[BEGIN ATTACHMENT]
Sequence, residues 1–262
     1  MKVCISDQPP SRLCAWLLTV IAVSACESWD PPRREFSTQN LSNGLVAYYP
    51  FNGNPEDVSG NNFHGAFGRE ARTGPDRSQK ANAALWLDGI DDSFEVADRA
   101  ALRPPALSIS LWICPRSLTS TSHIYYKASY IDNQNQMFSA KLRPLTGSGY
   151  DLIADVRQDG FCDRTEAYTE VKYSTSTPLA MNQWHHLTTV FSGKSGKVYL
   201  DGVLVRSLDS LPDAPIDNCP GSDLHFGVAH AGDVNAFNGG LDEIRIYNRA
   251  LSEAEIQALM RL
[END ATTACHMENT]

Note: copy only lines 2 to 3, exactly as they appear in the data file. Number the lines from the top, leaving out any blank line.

     1  MKVCISDQPP SRLCAWLLTV IAVSACESWD PPRREFSTQN LSNGLVAYYP
    51  FNGNPEDVSG NNFHGAFGRE ARTGPDRSQK ANAALWLDGI DDSFEVADRA